Five things to watch as Blue Jays open training camp in Toronto

Most MLB players are beginning their summer training camps Friday in preparation for the abbreviated season, but the Blue Jays will be slightly delayed.

Toronto's location north of the currently closed Canada-U.S. border made things more difficult for the team, which needed permission from the Canadian government to hold camp here.

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The Blue Jays got the OK Thursday night — so far for training only. A decision is still to be made on whether the team can host regular-season games at Rogers Centre when they begin later this month.

Here are five things to watch from Blue Jays camp over the next couple weeks:

COVID CASES

Professional athletes have been testing positive for the novel coronavirus at an alarming rate over the last few weeks, including several Blue Jays players and staff.

Florida reported a record-high 10,109 new cases Thursday. Pinellas County, where the Blue Jays' spring training facility is located in Dunedin, Fla., recorded 358 new cases the same day.

The Blue Jays have been undergoing intake and screening procedures at their Dunedin facility this week in preparation to head north. Team president and CEO Mark Shapiro said players will need two negative COVID-19 tests before they can leave for Toronto.

MLB says players will be tested every other day for COVID both in camp and throughout the regular season. Daily temperature and symptom checks and a monthly blood-drawn antibody test will also be the norm.

BACKLASH POTENTIAL

MLB's plan to travel between cities during the regular season and playoffs means there's a greater chance of spreading COVID-19 from one area to another. And if the Blue Jays are cleared to host games in Toronto there could be backlash from that.

Ontario, which has been reopening in phases throughout the province, has been averaging well under 200 new daily cases over the last week.

Regions the Blue Jays will be travelling to vary in terms of their COVID prevalence.

As of Thursday, there were 872 new cases in the state of New York (Yankees and Mets); 195 in Massachusetts (Boston Red Sox); 513 in Maryland (Baltimore Orioles); 839 in Pennsylvania (Philadelphia Phillies); 25 in Washington, D.C. (Nationals); 2,886 in Georgia (Atlanta Braves); and 10,109 in Florida (Tampa Bay Rays and Miami Marlins).

They will play 60 regular-season games (including 30 on the road) in 66 days.

Players are being asked to self-isolate in a hotel when not at the field, but separating them entirely from other members of society — including hotel staff and security guards at the stadium, for example — could prove difficult. Regular testing should help isolate positive cases quickly, however.

NEW RULES

There will be no high-fiving or spitting on the field this summer and no showers after games, part of MLB's new rules aimed to help mitigate a COVID-19 outbreak.

The league sent a 101-page health protocol document to teams last week that players are expected to abide by, but some of the new regulations may take more getting used to than others.

Clubhouses are also getting a makeover as lockers move the appropriate two metres apart, and kitchens can no longer operate buffet style. Players are expected to keep distance during training drills on the field and safe protocols are to be in place for boarding team buses.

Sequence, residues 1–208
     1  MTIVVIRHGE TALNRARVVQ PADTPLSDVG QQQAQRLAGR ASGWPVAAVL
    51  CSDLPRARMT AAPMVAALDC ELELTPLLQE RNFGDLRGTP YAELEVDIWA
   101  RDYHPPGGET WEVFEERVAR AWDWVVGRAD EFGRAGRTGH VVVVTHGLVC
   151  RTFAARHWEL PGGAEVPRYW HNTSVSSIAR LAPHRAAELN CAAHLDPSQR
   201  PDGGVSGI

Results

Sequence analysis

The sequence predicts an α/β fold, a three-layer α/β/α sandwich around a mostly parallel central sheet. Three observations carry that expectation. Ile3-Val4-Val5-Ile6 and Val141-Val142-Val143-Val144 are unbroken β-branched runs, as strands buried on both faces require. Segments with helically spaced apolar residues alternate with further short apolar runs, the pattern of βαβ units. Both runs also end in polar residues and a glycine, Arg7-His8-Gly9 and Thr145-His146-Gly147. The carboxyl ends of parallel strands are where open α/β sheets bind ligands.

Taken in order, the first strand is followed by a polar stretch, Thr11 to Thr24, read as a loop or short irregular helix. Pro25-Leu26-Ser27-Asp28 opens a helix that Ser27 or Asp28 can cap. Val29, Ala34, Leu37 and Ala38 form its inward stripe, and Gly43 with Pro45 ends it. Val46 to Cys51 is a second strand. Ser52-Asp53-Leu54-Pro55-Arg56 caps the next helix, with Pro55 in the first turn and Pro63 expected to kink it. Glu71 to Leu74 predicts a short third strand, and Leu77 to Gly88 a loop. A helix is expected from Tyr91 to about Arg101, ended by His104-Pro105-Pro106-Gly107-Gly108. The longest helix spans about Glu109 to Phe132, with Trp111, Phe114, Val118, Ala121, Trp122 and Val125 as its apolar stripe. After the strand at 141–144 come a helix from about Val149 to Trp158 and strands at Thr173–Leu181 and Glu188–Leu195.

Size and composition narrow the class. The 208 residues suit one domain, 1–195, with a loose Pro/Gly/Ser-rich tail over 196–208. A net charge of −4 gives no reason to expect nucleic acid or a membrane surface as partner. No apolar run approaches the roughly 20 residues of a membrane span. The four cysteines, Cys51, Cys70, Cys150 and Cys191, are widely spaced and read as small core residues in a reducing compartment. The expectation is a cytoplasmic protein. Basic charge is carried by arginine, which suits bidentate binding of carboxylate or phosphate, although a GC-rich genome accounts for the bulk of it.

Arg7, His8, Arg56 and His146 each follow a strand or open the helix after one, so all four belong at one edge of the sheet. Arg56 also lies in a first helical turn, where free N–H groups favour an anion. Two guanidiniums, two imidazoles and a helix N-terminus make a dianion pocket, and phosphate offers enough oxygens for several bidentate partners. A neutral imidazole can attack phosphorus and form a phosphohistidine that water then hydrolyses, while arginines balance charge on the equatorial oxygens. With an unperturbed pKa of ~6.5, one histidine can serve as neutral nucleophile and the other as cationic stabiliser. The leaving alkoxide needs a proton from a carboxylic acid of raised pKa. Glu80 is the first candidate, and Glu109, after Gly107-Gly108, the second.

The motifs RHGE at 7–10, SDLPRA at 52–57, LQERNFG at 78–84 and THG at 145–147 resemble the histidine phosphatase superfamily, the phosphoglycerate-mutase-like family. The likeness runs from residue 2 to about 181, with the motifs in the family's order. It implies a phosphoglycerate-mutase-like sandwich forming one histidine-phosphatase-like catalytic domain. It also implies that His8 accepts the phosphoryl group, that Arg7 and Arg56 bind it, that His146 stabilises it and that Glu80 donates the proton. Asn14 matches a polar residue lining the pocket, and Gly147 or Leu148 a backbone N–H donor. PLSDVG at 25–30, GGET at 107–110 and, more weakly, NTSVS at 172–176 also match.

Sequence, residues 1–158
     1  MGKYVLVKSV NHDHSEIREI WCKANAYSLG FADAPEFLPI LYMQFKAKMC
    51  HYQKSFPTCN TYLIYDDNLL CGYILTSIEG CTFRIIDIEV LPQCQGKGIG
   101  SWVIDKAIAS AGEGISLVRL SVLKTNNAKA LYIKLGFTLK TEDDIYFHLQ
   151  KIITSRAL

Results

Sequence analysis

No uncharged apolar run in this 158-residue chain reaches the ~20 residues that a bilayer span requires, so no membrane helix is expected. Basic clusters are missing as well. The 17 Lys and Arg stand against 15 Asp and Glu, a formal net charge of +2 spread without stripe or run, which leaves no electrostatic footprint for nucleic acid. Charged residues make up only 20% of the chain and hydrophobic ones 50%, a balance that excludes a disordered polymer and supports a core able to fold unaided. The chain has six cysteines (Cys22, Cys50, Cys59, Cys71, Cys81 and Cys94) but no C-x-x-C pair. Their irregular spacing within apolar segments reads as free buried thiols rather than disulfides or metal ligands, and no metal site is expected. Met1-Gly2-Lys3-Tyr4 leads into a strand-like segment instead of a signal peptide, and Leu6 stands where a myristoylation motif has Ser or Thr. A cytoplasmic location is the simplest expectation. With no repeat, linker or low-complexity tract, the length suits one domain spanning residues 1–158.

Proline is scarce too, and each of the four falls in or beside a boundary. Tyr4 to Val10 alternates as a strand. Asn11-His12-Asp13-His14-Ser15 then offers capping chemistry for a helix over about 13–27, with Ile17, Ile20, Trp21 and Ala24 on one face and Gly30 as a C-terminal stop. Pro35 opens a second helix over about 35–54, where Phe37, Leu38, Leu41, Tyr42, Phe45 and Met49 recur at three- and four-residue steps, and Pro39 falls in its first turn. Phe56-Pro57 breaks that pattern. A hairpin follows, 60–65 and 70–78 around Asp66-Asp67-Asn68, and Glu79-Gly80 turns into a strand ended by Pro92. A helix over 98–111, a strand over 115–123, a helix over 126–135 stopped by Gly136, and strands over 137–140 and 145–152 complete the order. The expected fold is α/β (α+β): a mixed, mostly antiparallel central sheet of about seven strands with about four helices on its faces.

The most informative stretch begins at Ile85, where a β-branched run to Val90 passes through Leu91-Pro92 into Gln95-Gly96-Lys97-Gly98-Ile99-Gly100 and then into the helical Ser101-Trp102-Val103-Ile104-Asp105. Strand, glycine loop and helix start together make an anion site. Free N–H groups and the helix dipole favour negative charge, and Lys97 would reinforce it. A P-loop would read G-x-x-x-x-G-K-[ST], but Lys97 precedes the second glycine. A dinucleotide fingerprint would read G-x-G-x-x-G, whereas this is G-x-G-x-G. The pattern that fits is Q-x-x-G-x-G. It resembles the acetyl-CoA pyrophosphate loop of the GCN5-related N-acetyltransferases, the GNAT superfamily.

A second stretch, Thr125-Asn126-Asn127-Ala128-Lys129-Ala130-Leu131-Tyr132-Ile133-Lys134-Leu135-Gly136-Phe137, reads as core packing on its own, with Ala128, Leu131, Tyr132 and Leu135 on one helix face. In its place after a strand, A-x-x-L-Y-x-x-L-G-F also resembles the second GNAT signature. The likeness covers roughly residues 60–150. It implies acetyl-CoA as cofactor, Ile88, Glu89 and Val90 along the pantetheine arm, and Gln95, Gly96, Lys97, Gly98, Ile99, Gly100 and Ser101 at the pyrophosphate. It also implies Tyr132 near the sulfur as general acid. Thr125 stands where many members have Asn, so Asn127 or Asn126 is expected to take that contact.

There are also some new rules for play itself, including the use of a designated hitter in both leagues. Extra innings will begin with a runner on second base in an effort to speed things up.

PROSPECT WATCH

The Blue Jays' unveiled a prospect-loaded player pool last week, naming the players (teams can have up to 60) that will train with the team at camp.

Among the list is Toronto's top prospect, right-handed pitcher Nate Pearson, who was expected to begin the season in triple-A. But with the COVID-19 pandemic cancelling minor-league baseball, there's nowhere for him to play but in the big leagues.

The same goes for players like right-handers Alek Manoah and Simeon Woods Richardson, the prospects returned to Toronto in the Marcus Stroman trade last season. Shortstop Jordan Groshans, the Blue Jays' first-round pick in 2018, and catching prospect Alejandro Kirk also made the list.

Sunday was the deadline for teams to submit player pools, but additions can be made later. This gives the Blue Jays flexibility to add more players, including their first-round draft pick this year, 21-year-old infielder Austin Martin of Vanderbilt who is still unsigned.

Active rosters will allow up to 30 players to start the season, then reduce to 28 after two weeks. A 26-man active roster will come into play two weeks after that.

SHAKING OFF THE RUST

Players will have been out of action for 16 weeks when camps officially begin Friday — roughly three weeks less than a regular off-season from October to February.

And this hasn't been a regular three-and-a-half months off.

Players who chose not to stay near their respective teams' spring training facilities when the pre-season was cancelled in March have likely had limited access to gyms and training centres.

MLB teams have worked on revised fitness plans for their players throughout the layoff, but pitchers who've been unable to throw to live hitters, and hitters unable to face live pitching will likely be rusty.

Players will have three weeks to get up to game speed before the regular season is scheduled to begin — that's about half the time they usually get with spring training.

This report by The Canadian Press was first published July 3, 2020.

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